Women Won’t Wait to the G8


Does "eight" have to rhyme with "wait"?

Real commitments on the issues of violence against women and the feminization of the AIDS epidemic from member nations of the G8 (Group of Eight) are long overdue.

Women won't wait

Women's movements throughout the world have long fought for concrete action to promote and protect the human rights of all women—including the rights to be free from violence, coercion, stigma and discrimination, and the right to achieve the highest attainable standard of health, including sexual and reproductive health. However, this global standard is rarely translated into policy and practice. In the case of HIV/AIDS, this results in a deadly failure in policy and an abrogation of governments' and donors' accountability.

A dangerous and dysfunctional split

To state the obvious—violence against women and girls is a major contributor to death and illness among women, as well as to a host of human rights abuses. Gender-based violence, and particularly intimate partner violence, also is a leading factor in the increasing "feminization" of the global AIDS pandemic. Simultaneously, HIV/AIDS is both a cause and a consequence of the gender-based violence, stigma and discrimination that women and girls face in their families and communities, in peace and in conflict settings, by state and non-state actors, and within and outside of intimate partnerships.

However, rather than comprehensively addressing this deadly intersection, national and global AIDS responses continually fail to grapple with its implications. Instead, separate funding and programming streams—to combat HIV/AIDS on one hand and, on the other, to eradicate violence against women and girls—mean not only that there are far fewer resources allocated to efforts to address violence as a cause and consequence of HIV infection, but also that the strategic imperative for integrating these efforts continues to suffer from a dangerous, dysfunctional and ineffective split.

Calling on the G8: accountability and action

Leaders of the world's wealthiest countries have committed to dramatically scaling up HIV/AIDS prevention, treatment, care and support with the goal of coming "as close as possible" to universal treatment access by 2010. This national and international commitment to universal access is crucial to reversing the HIV/AIDS pandemic.

However, despite lofty promises made by governments and the international community, the amount of dedicated funding to addressing the deadly intersection of violence against women and girls and HIV/AIDS remains negligible or impossible to trace. Only in rare instances have states fully committed to grappling with women's human rights in relation to violence or HIV/AIDS. Equally rarely have donors and other multilateral agencies created structures of accountability in terms of the extent, quality and impact of their funding in service of respecting, protecting and fulfilling the human rights of women and girls. Among donors, the level of funding for efforts to address gender-based violence remains small and often marginalized, while the integration of violence against women programming in the much larger pot of funding for HIV/AIDS is inadequate and hard to trace.

Show us the money

In March 2007, the Women Won't Wait campaign launched the publication of Show Us the Money: is violence against women and girls on the HIV donor agenda? (PDF). This report looks at the policy, programming and funding patterns of the five largest public HIV/AIDS donors—the Global Fund to Fight AIDS, Tuberculosis and Malaria; the U.S. President's Emergency Fund for AIDS Relief (PEPFAR); the UK Department for International Development; and the World Bank—and, as a key agenda-setting agency, UNAIDS. Key findings included:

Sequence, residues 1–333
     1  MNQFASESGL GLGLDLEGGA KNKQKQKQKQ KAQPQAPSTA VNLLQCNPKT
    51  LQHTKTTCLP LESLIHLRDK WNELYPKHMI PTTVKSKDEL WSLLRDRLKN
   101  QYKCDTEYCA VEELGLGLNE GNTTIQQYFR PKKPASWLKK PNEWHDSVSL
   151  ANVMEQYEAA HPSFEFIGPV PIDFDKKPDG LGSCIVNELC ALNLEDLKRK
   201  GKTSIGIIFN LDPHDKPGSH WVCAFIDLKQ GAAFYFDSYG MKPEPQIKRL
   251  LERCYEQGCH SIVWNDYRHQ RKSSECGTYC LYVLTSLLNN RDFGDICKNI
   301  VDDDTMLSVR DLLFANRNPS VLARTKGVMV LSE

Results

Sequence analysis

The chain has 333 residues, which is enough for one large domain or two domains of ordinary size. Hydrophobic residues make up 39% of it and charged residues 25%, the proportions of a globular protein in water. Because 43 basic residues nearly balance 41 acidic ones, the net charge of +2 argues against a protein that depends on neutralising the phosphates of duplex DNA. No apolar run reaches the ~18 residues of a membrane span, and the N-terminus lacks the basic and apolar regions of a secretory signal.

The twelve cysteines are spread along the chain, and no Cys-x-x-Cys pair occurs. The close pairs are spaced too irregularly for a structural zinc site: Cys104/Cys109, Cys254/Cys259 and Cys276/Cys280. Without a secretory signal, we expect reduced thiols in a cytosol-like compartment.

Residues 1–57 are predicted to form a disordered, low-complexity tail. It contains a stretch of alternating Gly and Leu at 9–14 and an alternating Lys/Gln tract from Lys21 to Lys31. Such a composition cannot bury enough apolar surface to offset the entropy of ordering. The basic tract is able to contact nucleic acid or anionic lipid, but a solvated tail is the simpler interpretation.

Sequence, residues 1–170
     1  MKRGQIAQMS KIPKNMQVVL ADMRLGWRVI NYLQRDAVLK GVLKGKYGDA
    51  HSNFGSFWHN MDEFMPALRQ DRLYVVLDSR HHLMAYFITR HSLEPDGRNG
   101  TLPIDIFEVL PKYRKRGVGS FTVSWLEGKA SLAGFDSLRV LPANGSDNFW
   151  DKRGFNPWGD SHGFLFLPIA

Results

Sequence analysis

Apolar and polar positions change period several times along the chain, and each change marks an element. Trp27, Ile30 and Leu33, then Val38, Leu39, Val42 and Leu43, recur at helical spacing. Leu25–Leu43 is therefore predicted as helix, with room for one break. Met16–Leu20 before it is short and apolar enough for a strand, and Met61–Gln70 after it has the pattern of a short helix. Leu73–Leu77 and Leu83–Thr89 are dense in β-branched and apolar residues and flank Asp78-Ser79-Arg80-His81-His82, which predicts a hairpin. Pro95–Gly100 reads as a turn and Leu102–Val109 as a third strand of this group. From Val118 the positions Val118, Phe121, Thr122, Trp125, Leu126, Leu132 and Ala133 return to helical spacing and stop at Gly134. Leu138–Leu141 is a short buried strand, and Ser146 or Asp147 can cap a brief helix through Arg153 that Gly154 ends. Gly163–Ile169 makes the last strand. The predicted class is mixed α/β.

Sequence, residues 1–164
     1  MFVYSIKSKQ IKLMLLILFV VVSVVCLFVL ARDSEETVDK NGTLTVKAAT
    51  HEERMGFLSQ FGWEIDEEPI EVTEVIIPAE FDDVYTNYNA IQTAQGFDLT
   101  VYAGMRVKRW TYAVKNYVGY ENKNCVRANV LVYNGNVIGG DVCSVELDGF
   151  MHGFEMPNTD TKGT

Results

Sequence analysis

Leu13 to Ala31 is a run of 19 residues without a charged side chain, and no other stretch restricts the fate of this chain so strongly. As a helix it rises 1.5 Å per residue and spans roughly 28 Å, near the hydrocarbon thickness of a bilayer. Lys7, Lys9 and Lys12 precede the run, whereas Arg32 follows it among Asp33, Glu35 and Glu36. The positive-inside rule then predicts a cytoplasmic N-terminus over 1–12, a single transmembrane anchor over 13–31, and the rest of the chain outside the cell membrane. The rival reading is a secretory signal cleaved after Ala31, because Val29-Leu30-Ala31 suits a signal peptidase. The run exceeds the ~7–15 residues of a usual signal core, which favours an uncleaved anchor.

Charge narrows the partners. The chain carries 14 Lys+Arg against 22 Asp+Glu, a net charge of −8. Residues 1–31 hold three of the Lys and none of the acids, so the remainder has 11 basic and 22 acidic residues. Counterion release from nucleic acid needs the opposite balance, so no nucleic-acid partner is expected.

• The agencies examined in the report continue to treat gender-based violence as an "add-on" rather than as integral to all aspects of their work on HIV/AIDS.

With the advent of PEPFAR and the Global Fund to Fight AIDS, Tuberculosis and Malaria, for example, funding for HIV/AIDS prevention, treatment, support and care has increased dramatically in the past five years. For all of the donors examined, however, the scant funding made available for gender-based violence efforts is largely a separate stream from, rather than integral to, programs to prevent and treat HIV/AIDS. Meanwhile, as the Association for Women's Rights in Development has documented, levels of funding for women's rights work can best be described as "dismal."

  • Violence against women and girls is rarely highlighted as a major driver and consequence of the disease, nor measured statistically as a means of contributing to the evidence base.

And, as a result, strong statements of policy concern "evaporate" at the level of implementation.

  • It is nearly impossible to determine the precise amount of money contributed to work at the intersection because none of these donors publicly track their programming for and funding to violence eradication efforts within their HIV/AIDS portfolio.

But, as World Health Organization (WHO) Director-General Margaret Chan put it "what gets measured gets done."

See the Women Won't Wait campaign call to action, Women Won't Wait to the G8 (Word document).

Additional resources:

Harvard School of Public Health, Program on International Health and Human Rights, HIV/AIDS and Gender-Based Violence (GBV) Literature Review (PDF).

Cynthia Rothschild, Mary Anne Reilly and Sara A. Nordstrom, 2006. Strengthening Resistance: confronting violence against women and HIV/AIDS (PDF).

WHO/UNAIDS/UNICEF, Towards Universal Access: Scaling up priority HIV/AIDS interventions in the health sector, Progress Report, April 2007 (PDF).

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